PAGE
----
After putting five Dean Martin albums into release in 1966, Reprise may have felt it could afford a breather in 1967, and the label waited until spring to put out the first of its two Martin LPs for the year. Then, too, with Martin hosting a weekly television show and starring in three movies in 1966, the public may have been becoming sated with the entertainer; another reason for delaying a new album was that Martin's recent singles had not performed so well. After eight consecutive Top 40 hits between 1964 and 1966, his 45s began struggling to make the middle of the pop charts (although they continued to soar into the Top Ten of the easy listening charts). Mid-chart entries "Nobody's Baby Again," "(Open Up the Door) Let the Good Times In," and "Lay Some Happiness on Me," all of them arranged in the soft rock style of "Everybody Loves Somebody," didn't seem to justify tie-in LPs. All three, along with their B-sides, were rounded up for Happiness Is Dean Martin, which meant that more than half the album consisted of tracks that had been released previously on singles. The rest were in the familiar country-pop style Martin had been pursuing for the past few years, the most impressive being a recasting of the old Patsy Cline hit "She's Got You" as "He's Got You." But the declining sales curve of Martin's releases indicated it was time to find a new formula.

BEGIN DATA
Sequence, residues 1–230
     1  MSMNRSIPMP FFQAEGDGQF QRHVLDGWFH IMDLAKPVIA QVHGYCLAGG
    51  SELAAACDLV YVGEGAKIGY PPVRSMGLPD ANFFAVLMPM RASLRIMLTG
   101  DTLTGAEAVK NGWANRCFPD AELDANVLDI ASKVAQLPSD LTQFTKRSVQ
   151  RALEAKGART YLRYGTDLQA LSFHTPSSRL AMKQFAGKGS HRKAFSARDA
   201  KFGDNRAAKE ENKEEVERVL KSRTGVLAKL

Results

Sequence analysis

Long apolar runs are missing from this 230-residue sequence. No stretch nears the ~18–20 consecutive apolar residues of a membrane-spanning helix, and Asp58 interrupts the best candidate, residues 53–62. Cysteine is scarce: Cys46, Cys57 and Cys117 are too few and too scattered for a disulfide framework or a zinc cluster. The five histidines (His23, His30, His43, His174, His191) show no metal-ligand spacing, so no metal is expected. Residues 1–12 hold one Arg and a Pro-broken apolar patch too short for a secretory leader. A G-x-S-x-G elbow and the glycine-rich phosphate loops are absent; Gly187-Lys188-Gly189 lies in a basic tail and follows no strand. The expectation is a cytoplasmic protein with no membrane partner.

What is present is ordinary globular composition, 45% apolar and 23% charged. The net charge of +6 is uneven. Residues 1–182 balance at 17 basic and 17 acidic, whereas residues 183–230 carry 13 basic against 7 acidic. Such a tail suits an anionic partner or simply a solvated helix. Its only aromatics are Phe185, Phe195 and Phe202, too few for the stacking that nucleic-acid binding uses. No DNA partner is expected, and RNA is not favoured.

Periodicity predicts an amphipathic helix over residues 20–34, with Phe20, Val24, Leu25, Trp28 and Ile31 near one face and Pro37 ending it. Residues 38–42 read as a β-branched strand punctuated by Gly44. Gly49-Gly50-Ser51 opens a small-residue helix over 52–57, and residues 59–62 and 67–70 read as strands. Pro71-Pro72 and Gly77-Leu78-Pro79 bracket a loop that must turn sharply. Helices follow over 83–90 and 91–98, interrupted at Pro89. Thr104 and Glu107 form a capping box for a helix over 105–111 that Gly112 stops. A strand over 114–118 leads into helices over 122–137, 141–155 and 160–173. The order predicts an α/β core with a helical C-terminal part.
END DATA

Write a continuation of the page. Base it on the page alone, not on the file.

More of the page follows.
AllMusic Review by William Ruhlmann